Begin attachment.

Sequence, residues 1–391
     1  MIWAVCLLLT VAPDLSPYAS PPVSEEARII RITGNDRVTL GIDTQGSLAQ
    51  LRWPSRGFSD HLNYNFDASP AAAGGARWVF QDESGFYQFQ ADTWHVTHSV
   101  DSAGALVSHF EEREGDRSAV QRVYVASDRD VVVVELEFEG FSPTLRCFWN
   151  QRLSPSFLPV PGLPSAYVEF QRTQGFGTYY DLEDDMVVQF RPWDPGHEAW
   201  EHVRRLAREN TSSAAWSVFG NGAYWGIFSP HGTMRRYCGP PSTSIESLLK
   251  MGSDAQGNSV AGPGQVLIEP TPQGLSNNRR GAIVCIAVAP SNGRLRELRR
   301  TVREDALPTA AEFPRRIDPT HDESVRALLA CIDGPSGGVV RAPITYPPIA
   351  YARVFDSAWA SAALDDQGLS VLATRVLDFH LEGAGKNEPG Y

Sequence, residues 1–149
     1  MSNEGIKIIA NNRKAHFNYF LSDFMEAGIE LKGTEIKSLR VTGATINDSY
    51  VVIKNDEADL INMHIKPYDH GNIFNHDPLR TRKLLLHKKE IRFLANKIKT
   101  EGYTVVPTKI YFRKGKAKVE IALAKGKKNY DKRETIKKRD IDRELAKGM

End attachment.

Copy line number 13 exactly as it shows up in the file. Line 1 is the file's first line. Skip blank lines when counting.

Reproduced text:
   101  EGYTVVPTKI YFRKGKAKVE IALAKGKKNY DKRETIKKRD IDRELAKGM